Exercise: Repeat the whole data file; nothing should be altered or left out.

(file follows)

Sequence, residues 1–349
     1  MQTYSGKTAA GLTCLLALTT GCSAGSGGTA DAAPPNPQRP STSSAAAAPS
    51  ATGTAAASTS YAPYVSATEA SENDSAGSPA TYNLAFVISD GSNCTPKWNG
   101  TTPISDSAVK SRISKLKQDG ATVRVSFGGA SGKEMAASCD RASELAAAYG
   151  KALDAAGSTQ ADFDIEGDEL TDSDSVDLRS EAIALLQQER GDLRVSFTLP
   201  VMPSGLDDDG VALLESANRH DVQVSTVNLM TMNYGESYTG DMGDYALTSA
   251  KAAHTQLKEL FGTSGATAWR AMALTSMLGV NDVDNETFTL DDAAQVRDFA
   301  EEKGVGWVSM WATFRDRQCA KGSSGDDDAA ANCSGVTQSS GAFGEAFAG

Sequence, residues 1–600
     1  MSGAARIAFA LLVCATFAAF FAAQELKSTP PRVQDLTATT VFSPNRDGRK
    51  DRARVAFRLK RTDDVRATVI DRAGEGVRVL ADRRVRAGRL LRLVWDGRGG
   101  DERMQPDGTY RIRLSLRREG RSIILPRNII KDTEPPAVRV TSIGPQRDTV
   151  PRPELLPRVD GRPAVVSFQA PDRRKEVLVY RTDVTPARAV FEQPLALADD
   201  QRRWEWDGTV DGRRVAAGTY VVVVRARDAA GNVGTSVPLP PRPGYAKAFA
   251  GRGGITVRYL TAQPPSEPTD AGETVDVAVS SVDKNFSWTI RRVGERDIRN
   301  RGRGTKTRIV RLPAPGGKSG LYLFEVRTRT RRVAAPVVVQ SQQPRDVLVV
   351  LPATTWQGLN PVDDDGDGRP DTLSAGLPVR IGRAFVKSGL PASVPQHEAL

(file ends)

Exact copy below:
Sequence, residues 1–349
     1  MQTYSGKTAA GLTCLLALTT GCSAGSGGTA DAAPPNPQRP STSSAAAAPS
    51  ATGTAAASTS YAPYVSATEA SENDSAGSPA TYNLAFVISD GSNCTPKWNG
   101  TTPISDSAVK SRISKLKQDG ATVRVSFGGA SGKEMAASCD RASELAAAYG
   151  KALDAAGSTQ ADFDIEGDEL TDSDSVDLRS EAIALLQQER GDLRVSFTLP
   201  VMPSGLDDDG VALLESANRH DVQVSTVNLM TMNYGESYTG DMGDYALTSA
   251  KAAHTQLKEL FGTSGATAWR AMALTSMLGV NDVDNETFTL DDAAQVRDFA
   301  EEKGVGWVSM WATFRDRQCA KGSSGDDDAA ANCSGVTQSS GAFGEAFAG

Sequence, residues 1–600
     1  MSGAARIAFA LLVCATFAAF FAAQELKSTP PRVQDLTATT VFSPNRDGRK
    51  DRARVAFRLK RTDDVRATVI DRAGEGVRVL ADRRVRAGRL LRLVWDGRGG
   101  DERMQPDGTY RIRLSLRREG RSIILPRNII KDTEPPAVRV TSIGPQRDTV
   151  PRPELLPRVD GRPAVVSFQA PDRRKEVLVY RTDVTPARAV FEQPLALADD
   201  QRRWEWDGTV DGRRVAAGTY VVVVRARDAA GNVGTSVPLP PRPGYAKAFA
   251  GRGGITVRYL TAQPPSEPTD AGETVDVAVS SVDKNFSWTI RRVGERDIRN
   301  RGRGTKTRIV RLPAPGGKSG LYLFEVRTRT RRVAAPVVVQ SQQPRDVLVV
   351  LPATTWQGLN PVDDDGDGRP DTLSAGLPVR IGRAFVKSGL PASVPQHEAL